EB: Going off of that, what do you think makes something distinctly Lily Brooks-Dalton nonfiction, as opposed to Meghan Daum nonfiction or Margo Jefferson nonfiction?
LBD: This question flummoxes me, which probably means it’s a good one.
EB: Thank you! If it makes you feel better, most of the other writers I’ve interviewed also struggled with this question.
LBD: Oh good, I’m glad I’m not the only one! I suppose certain things do come to mind—science, for one. I like to weave elements of science into the narrative in lyrical ways, but that isn’t something I do in everything that I write, and I’m certainly not the only writer who does this.
Maybe urgency is a better answer—because I don’t think of myself as primarily a nonfiction writer, there is often something actively pressing me into nonfiction territory, otherwise I would probably be noodling around with my fiction. So, while I don’t think I’m the only writer to write urgent nonfiction (by a long shot), I do think it’s an important part of what I put out there.
The other side of urgency is distance. Distance breeds perspective, which is a glorious, invaluable thing. But sometimes a story demands to be told and it isn’t going to wait around ten years for a writer’s perspective to sharpen, and I think in those cases there is a different kind of energy to the writing. A writer who is in the middle of something, who is living in it, portrays those experiences much differently than a writer who has already lived through it and is looking back. So I think that when I turn my hand to nonfiction, it’s usually because I’m in the midst of something, and I like to think that urgency shows up on the page in a compelling or useful way.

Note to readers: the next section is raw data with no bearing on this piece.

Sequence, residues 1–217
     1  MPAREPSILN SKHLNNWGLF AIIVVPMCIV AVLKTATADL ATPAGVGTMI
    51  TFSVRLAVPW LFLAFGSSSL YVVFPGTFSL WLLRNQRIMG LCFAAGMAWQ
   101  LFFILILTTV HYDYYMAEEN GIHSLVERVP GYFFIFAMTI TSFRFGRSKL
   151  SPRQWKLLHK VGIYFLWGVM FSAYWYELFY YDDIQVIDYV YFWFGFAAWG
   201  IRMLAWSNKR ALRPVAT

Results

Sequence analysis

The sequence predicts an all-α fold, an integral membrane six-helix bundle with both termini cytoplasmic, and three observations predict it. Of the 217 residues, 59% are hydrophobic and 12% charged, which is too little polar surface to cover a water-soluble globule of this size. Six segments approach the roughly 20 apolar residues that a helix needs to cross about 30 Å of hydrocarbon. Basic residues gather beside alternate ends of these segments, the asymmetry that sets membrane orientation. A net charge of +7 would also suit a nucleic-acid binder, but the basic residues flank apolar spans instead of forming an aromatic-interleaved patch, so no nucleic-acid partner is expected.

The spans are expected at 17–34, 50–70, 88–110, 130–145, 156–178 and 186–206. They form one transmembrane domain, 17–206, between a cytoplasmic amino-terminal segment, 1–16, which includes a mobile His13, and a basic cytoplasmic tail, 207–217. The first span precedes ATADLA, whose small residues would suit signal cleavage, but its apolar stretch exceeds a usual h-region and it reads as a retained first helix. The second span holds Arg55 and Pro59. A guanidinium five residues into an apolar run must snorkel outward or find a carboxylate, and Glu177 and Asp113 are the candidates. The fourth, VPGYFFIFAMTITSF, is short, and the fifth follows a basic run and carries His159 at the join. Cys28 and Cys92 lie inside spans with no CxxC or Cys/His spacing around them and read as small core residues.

EB: That’s so interesting—I had never thought about the role that urgency plays in the creation of nonfiction, but that feels especially true for me as well. So when something isn’t urgent, you turn to fiction?
LBD: I don’t think it will necessarily be true for me forever that I only turn to nonfiction when it’s urgent, but it does seem like a fairly consistent pattern to what I’ve done so far. Either that or someone has specifically asked me to write something—but even then, I think I reach for a topic or an angle that feels immediate, that is on my mind in an active way as opposed to something I have a fully formed and somewhat removed perspective on.
EB: You have a novel forthcoming this summer—Good Morning, Midnight. How do you find writing fiction similar to or different from writing nonfiction?
LBD: With fiction, there’s no emotional tax, which isn’t to say I don’t feel emotions for my characters, but it doesn’t leave me wilted from the process. They aren’t my emotions, they are my characters’. I can write a really difficult and sad scene for one of my characters and then get up from my desk feeling pretty satisfied with the work I’ve done, whereas if I’m writing about a difficult moment in my life I can’t just get up and walk away from it—it follows me for the rest of the day. Maybe longer.
EB: I feel you. Writing nonfiction can be so emotionally draining. How else does writing nonfiction affect your life as a writer and also a person?
LBD: As a person, writing nonfiction certainly presents an array of challenges. Earlier this year I published an essay in The New York Times about a really fresh heartbreak, and the duality of experiencing that publication as an accolade but also a kind of deeply sad and personal confession was confusing—for me, but for someone else as well. This dance between being grateful to publish what I write, terrified because what I write can be so intimate, and uncertain how the people in my life will respond to being revealed on the page is complex. It’s a push/pull kind of sensation—because sometimes doing my job well and publishing something honest hurts a little bit.